protest the Soviet military intervention in Afghanistan.
Responding to Carter's State of the Union address Wed-
nesday night, the Soviet news agency Tass said "the absur-
dity of Washington claims that the Persian Gulf area is a
sphere of U.S. 'vital interest' is an axiom which needs no
"EQUALLY GROUNDLESS is the president's assertion
concerning mythical threats to the movement of Middle East
oil from any side . ..," Tass said in a Washington-dated
Tass said the only major "outside force" in the Persian
Gulf area - was an American naval force - "the biggest
armada of naval forces" and said Americans were the only
ones blocking the gulf and the Hormuz Straits, and boycot-
ting oil shipments from Iran.
It said Carter's definition of U.S. interests was an an-
nouncement "for all to hear that the United States regards
nearly the whole world as its sphere of 'vital interests'
without being interested in the least how the countries, which
his administration intends to include in this sphere, will react
IN LONDON, meanwhile, Foreign Secretary Lord
Carrington announced Britain would suspend "for the time
being" high level and ministerial contacts with the Soviet
Union, cancel military exchanges between the two countries,
and beam more radio broadcasts into Russia and
He added that Britain also will not renew the trade
agreement with the Soviets negotiated by the previous
government. The agreement granting credit facilities to the
Soviets expires next month.
"The Russians must understand that there can be
no . .. relationship so long as they behave as outrageously as.
th'ey have done in Afghanistan," Carrington said.
from Afghanistan by Feb. 20.
Almost all of the debate in the House
was strongly in favor of a boycott and
decidedly anti-Soviet in tone.
WITHOUT A SOVIET troop with-
drawal, and in the absence of any other
action against the Games, Carter has
said, he will ask U.S. athletes to boycott
The White House had urged
congressional leaders to approve the
resolutions before the U.S. Olympic
Committee's executive board meets
See BOYCOTT, Page 2
BULLARD, SAMOFF SPEAK FOR DIVESTMENT:
By MITCH STUART
Three local pro-divestment groups
held a workshop last night to increase
awareness about apartheid in South
Africa and to teach lobbying skills to
State Rep. Perry Bullard (D-Ann Ar-
or) spoke in favor of legislation which
will be considered by the state House of
Representatives next month. The
proposed legislation-as many as three
bills-would prohibit investment of
"nearly $5 billion" from state pension
funds in corporations that do business
in South Africa. Pension funds affected
would be those of school employees,
judges, and other state employees.
The workshop at the Michigan Union
was co-sponsored by the Michigan
Student Assembly (MSA), Washtenaw
County Coalition Against Apartheid
(WCCAA), and Public Interest Resear-
ch Group in Michigan (PIRGIM).
BULLARD SAID the legislation has a
realistic chance of passage. "I'd say we
start with 40 votes," of the 56 required
for passage in the state House, said
Bullard. "I think we can do it."
University Afro-American and
African -Studies Prof. Joel Samoff
outlined current South African racial
policies. He said many South African
laws which decide what people may do
"based on their race . .. rather than
"There is no hidden corner in which
people can hide from this legislation," of the lobbying skills sessions that
Samoff added. followed the speeches. He listed several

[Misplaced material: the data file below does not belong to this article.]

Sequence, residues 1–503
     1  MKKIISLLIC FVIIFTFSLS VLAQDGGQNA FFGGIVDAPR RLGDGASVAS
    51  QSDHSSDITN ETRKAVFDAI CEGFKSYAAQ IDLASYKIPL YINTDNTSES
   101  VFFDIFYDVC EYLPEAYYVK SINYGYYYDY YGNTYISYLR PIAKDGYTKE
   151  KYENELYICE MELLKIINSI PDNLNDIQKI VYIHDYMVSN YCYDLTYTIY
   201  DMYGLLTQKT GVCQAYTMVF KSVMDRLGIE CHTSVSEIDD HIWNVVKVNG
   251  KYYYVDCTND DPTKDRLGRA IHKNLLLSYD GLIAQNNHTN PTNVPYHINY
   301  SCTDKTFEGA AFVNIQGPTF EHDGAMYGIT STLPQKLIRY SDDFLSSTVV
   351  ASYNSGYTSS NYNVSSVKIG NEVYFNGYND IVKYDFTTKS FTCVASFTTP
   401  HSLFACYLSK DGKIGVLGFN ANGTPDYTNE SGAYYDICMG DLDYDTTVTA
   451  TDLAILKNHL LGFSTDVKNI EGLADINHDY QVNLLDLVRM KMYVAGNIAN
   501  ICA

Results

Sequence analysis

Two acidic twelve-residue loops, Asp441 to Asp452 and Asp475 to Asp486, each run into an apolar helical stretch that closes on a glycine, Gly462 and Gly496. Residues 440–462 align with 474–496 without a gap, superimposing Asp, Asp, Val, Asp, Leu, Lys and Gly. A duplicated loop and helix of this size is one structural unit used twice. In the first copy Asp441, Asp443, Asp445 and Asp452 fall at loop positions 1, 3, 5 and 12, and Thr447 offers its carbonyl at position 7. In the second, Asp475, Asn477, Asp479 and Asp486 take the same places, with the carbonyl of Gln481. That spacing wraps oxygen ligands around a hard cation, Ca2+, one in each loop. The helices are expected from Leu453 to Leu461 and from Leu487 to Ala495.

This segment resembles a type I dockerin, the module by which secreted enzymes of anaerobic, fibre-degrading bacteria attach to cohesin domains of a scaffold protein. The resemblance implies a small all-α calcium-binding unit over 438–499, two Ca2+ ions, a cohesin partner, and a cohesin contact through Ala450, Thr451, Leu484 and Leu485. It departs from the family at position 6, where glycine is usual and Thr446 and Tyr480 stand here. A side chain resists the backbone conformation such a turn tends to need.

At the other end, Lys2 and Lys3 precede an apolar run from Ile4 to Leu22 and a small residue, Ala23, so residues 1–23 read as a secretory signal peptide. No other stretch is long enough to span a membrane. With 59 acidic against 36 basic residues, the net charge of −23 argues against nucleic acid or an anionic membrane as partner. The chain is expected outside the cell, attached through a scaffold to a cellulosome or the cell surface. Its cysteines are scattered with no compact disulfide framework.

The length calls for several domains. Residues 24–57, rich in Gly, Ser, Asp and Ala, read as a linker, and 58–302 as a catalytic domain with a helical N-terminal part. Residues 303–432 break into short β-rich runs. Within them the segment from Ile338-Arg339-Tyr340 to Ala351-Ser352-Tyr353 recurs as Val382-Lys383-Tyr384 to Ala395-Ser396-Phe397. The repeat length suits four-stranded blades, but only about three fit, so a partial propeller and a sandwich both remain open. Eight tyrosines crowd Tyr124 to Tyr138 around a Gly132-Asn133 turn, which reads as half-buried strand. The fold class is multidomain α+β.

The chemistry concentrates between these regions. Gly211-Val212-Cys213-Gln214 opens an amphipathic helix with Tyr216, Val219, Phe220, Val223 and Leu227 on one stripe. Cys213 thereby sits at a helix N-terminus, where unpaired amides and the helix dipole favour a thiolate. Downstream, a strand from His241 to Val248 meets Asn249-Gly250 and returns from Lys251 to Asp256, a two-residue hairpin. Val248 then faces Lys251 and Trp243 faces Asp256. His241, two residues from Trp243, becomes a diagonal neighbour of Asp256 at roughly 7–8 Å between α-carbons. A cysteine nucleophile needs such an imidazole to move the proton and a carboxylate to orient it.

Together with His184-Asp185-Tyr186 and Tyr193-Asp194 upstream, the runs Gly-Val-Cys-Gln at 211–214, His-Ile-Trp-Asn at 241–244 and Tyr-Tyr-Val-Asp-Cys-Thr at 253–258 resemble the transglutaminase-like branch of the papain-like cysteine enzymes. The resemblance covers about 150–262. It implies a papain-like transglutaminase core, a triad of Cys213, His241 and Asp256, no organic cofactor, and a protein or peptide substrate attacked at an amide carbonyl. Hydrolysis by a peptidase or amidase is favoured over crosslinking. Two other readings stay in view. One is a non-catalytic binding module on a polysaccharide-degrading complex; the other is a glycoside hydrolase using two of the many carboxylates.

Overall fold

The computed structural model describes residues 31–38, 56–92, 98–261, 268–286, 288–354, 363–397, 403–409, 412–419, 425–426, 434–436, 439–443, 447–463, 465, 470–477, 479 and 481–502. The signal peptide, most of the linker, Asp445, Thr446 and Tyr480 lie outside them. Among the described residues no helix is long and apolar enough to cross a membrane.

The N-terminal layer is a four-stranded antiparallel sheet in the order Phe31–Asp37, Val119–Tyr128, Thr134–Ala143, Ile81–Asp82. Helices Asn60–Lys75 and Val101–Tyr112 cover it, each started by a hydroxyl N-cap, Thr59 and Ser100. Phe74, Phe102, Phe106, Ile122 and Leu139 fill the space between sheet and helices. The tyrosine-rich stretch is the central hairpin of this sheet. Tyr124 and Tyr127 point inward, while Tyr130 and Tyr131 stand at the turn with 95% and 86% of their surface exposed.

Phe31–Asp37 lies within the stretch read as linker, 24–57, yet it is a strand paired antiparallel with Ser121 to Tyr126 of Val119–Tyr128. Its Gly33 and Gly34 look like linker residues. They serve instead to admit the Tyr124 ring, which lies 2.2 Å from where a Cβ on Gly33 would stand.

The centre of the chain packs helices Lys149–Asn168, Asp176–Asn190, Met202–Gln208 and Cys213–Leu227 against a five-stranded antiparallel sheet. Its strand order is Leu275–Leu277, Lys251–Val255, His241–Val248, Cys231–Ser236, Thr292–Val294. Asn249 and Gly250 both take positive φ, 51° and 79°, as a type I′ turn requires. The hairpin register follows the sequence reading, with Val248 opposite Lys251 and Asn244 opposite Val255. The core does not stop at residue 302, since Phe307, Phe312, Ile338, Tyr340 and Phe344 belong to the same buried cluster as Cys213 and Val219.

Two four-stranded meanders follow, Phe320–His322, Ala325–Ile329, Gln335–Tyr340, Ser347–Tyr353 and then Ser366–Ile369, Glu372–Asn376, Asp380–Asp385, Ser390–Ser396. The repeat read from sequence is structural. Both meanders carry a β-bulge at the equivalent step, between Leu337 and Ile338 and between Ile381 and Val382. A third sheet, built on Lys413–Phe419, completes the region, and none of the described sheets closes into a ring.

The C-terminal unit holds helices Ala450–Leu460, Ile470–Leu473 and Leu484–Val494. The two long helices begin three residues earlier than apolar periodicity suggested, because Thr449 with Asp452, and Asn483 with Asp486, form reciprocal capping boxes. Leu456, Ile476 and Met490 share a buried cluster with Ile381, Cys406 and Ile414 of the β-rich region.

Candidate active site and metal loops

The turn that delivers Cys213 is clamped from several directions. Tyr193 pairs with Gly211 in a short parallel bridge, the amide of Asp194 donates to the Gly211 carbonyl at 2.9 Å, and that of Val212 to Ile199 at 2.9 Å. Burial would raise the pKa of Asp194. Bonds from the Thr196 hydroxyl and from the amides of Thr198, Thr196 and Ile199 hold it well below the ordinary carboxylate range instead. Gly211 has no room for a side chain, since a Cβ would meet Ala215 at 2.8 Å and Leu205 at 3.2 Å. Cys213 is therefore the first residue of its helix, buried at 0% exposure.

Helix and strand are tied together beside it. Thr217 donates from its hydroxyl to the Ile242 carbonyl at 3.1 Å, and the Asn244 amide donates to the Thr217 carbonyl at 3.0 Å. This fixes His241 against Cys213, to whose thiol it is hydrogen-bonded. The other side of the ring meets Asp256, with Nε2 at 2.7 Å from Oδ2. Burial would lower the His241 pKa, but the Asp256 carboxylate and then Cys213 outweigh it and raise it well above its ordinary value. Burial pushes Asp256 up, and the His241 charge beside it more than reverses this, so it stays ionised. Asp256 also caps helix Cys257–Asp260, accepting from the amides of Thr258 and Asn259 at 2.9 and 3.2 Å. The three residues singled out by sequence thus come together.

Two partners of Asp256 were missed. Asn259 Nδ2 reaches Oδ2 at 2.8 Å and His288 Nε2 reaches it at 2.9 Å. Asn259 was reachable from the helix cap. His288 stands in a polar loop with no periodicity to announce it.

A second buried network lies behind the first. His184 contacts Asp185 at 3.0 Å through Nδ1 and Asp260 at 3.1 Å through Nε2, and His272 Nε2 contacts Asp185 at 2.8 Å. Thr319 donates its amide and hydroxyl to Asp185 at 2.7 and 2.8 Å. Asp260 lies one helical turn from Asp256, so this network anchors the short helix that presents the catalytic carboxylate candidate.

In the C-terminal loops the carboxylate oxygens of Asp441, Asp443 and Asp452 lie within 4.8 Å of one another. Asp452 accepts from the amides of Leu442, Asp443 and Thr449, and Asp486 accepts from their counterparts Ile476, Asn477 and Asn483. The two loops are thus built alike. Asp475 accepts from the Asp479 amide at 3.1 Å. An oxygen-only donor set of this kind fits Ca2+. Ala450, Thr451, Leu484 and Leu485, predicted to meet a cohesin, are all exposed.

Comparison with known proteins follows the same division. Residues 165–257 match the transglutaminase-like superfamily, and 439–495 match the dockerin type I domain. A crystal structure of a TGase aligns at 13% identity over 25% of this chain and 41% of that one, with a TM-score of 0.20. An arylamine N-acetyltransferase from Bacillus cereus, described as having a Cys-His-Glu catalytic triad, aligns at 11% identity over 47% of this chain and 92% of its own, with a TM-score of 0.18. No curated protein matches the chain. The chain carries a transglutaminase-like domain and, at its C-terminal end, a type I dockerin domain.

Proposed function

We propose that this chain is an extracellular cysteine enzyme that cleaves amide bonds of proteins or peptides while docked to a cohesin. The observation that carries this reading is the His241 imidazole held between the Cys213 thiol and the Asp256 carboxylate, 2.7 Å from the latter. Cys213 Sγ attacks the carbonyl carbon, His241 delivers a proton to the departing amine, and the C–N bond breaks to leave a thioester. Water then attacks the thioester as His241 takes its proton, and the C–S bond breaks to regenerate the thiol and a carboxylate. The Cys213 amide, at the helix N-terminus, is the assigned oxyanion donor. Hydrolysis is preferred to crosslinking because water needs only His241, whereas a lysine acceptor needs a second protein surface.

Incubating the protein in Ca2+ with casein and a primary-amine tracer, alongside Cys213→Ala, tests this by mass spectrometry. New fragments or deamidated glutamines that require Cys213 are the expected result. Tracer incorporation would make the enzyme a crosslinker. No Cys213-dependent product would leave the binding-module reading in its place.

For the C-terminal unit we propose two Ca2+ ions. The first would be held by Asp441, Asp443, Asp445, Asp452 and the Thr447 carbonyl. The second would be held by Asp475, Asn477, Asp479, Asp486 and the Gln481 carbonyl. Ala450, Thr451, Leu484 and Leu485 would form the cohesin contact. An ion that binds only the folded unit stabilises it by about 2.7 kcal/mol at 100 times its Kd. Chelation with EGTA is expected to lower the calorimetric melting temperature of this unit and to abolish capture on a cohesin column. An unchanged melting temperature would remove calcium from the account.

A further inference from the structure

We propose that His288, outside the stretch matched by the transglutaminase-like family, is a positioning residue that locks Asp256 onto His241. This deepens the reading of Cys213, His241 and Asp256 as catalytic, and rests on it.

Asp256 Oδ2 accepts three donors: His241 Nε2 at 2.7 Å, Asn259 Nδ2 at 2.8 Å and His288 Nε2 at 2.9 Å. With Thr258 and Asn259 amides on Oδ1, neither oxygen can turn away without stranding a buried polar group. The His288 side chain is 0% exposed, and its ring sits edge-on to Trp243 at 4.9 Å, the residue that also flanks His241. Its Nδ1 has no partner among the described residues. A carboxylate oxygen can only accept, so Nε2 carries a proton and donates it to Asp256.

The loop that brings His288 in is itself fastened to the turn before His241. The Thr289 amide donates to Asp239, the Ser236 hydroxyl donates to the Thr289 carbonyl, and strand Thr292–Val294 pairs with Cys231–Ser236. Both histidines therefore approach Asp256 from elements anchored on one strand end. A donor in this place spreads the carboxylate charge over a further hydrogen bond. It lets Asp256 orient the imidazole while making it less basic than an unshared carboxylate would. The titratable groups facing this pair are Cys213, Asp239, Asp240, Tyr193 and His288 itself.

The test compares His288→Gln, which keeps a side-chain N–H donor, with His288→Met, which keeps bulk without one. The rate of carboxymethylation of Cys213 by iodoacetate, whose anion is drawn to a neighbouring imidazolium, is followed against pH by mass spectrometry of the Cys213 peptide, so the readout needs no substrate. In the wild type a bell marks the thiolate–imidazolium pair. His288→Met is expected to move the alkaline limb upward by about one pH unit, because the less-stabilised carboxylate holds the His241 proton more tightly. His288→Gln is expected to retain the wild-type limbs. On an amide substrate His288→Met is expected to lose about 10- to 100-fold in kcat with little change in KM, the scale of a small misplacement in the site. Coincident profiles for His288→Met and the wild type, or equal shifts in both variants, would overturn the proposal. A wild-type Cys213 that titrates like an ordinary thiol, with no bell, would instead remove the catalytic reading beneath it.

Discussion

SAMOFF ALSO discussed the suggestions for would-be lobbyists:
strategy behind divestment in " look neat;
Michigan. "What we're talking about is " make an appointment with your
an escalation of pressure on South home legislator;
African officials. Our eventual goal is to " work in pairs.
force a change in South African (apar- He also suggested, "If you're uncom-
theid) policy." fortable with a question (asked by a
Samoff also cautioned the prospec- legislator), don't try to bullshit your
tive lobbyists: "Recognize that South way through."
Africa is not static. Concessions can Bob Stechuk, WCCAA member, also
exist in margins of policy, rather than criticized South African policies. "All
the core." He urged people not to be societies are held together by varying
fooled by these "highly visible, sym- degrees of coercion and cooperation. In
bolic changes." South Africar... the coercion side of the
Dave DeVarti of PIRGIM taught one equation is much larger."
California earthquake AP Photo
Two Livermore, Calif., residents sit outside their mobile home after it was
damaged by an earthquake yesterday. The quake, which measured 5.5 on
the Richter scale, shook much of Northern California. Several casualties
leading to nowhere. Before coming to Washington State,
Gebhardt served as an audio-visual coordinator for the
Department of Defense. Did you ever wonder what they put
in those training films? Q
Paul McCartney is spending much of his time in a Tokyo
jail meditating, according to his wifeLinda, who has been
allowed to visit the rock star three times since he was
Writing award for 'U' lecturer
Joan Blos's "A Gathering of Days; A New England Girl's
Journal, 1830-32" has won the Newberry Award for
Children's Literature. Blos, a lecturer at the University's
School of Education, was named the winner at the
American Library Association's conference in Chicago
yesterday. The award is one of two citations given by the
association every year for the best children's novel and the
best illustrated work for children publishedin America. 11
On the inside . .
The editorial page features a look at the world hunger
problem . . . coverage of the Michigan State basketball
game is on the sports page . . . and the arts page has a
review of 1941.
On the outside .. .